This present invention provides a circuit responsive to a switching signal for dynamically switching a system clock from a first one to a second one of a plurality of frequency sources. The circuit comprises means responsive to said switching signal for disconnecting said first frequency source from the system clock during an inactive clock period; and means coupled to said disconnecting means for connecting said second frequency source to the system clock. The connecting means comprises gating means receiving said plurality of frequency sources for gating a selected frequency source in response to a given frequency source address; asynchronous means receiving said selected frequency source for detecting an inactive cycle period therein in response to said switching signal and for connecting said selected frequency source to the system clock during said inactive cycle period; and means coupled to said gating means and said asynchronous detecting means for sequencing said gating and said detection.

BRIEF DESCRIPTION OF THE DRAWINGS

FIG. 1 is a block diagram of the conventional clock switching circuit.

FIG. 2 is a block diagram of a clock switching circuit according to the preferred embodiment of the present invention.

FIG. 3 is a timing diagram illustrating the operation of the switching circuit.

FIG. 4 is the state diagram of the finite state machine 9 of the circuit in FIG. 2 that synchronizes the new frequecy source to the system clock.

FIG. 5 is a block diagram of a multiprocessor system employing the switching circuit of the present invention.

FIG. 6 illustrates a circuit implementation of the finite state machine.

DETAILED DESCRIPTION

FIG. 2 illustrates a preferred embodiment of the present invention. There is shown a switching circuit 100 receiving a plurality of frequency sources, OSC121, OSC222, OSC323, at multiplexor 1 whereby one of them is gated as the system clock 13. The frequency sources 21, 22, 23 may include a normal margin oscillator, a high margin oscillator and a low margin oscillator. They may also include one or more clock sources from external systems in a multiprocessor system. Other frequency sources may also be connected. For example, the EXT.PULS.GEN 24 provides an input for an external pulse generator which can used for system diagnosis. Similarly, a one-shot circuitry may be connected to the ONE.SHOT input 25.

Switching the system clock 13 to a new frequency is initiated by an external command. This command typically originates from a system control console (not shown) and generally includes a switching signal and address signals of a selected frequency source. The switching signal can be generated, however, by simply detecting changes of the address signals, as is done in this embodiment.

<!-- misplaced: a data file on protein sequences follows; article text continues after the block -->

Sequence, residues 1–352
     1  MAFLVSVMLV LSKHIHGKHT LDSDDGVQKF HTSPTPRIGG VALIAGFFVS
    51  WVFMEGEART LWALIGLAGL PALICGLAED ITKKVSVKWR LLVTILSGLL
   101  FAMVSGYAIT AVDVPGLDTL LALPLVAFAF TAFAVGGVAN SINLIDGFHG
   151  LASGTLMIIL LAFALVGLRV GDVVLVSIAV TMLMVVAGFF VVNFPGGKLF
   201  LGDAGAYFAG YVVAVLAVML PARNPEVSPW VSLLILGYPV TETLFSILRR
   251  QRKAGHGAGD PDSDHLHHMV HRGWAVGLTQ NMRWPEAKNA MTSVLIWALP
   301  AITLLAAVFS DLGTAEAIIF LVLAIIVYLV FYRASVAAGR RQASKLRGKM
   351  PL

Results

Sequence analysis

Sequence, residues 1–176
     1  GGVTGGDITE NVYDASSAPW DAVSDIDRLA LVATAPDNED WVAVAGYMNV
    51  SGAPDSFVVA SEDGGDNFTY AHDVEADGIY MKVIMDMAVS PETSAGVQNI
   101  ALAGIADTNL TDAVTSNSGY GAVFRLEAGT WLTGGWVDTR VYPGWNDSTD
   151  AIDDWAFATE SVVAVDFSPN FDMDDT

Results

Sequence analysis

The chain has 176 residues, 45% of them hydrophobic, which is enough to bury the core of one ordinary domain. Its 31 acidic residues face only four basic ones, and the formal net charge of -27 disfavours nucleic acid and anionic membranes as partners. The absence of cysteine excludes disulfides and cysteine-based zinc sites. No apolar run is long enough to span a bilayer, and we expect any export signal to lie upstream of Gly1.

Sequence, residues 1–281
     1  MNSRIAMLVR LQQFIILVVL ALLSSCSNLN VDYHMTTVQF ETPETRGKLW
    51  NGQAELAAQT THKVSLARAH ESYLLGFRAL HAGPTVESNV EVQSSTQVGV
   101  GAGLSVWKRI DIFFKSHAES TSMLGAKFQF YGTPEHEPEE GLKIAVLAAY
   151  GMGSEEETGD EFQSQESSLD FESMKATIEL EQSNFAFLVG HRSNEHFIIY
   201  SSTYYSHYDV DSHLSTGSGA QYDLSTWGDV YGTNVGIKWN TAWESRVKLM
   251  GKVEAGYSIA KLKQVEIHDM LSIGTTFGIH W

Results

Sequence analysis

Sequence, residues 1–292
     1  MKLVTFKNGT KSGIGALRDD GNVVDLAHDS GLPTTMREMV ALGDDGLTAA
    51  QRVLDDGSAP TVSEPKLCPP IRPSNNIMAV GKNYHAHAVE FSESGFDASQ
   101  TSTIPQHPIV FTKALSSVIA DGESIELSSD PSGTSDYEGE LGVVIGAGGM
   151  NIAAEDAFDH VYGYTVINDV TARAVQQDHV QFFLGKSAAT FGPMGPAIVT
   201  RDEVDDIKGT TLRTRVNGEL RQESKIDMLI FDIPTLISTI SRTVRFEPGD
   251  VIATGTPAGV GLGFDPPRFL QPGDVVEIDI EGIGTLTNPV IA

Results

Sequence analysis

The operation of the switching circuit 200 is now described with reference to FIG. 2 and the timing diagram of FIG. 3. Signals SEL.OSC.SRC.CTLO:226 represent the address signals from the system control console. These signals are received and stored in address register 2. The output of register 2 is in turn used to control multiplexor 1.

Exclusive-Or gate 3 samples the input and content of register 2. It generates a switching signal 14 when there is a detected difference between its two inputs. The switching signal 14 is latched into edge triggered latches 4 and 5. These latches 212, 213 are used to disconnect the old frequency source from the system clock at an inactive clock period. The type of latches used for latches 4 and 5 are chosen depending upon whether the inactive system clock period occurs at its high or low level. If the inactive period is at the high level, they are edge-triggered by either positive (low to high) edges. Otherwise, they are triggered by negative (high to low) edges. Since the latches are triggered by the clock 13, the disconnection is synchronized to the old system clock.

Switching signal 14 appearing at the input of latch 4 will appear as "1" and "0" respectively at outputs 7 and 6 of latch 5 after two system clocks. When the FSM 9 is idle, its output, CLOCK ENABLE, is "0" and system clock 13 will be disconnected from the old frequency source by signal 11 at the AND gate 12 two cycles after switching signal 14 appears.

The FSM 9 is implemented in this embodiment with the assumption that the inactive period of the system clock 13 is defined at the high logic level of a cycle. Inputs to the FSM 9 include an ENABLE signal and a CLOCK signal. The ENABLE signal is derived from output 7 of latch 5 delayed by delay line 8. The delay line 8 controls the sequence of operations by allowing CLOCK 15 to become stable before ENABLE becomes active.

FSM 9 synchronizes the connection of the new frequency source to the system clock (i.e. at an inactive system clock period). It accomplishes this by sampling the new frequency signals to search for a negative transition. When a negative transition is found, the FSM 9 overrides the previously set disable signal at 11.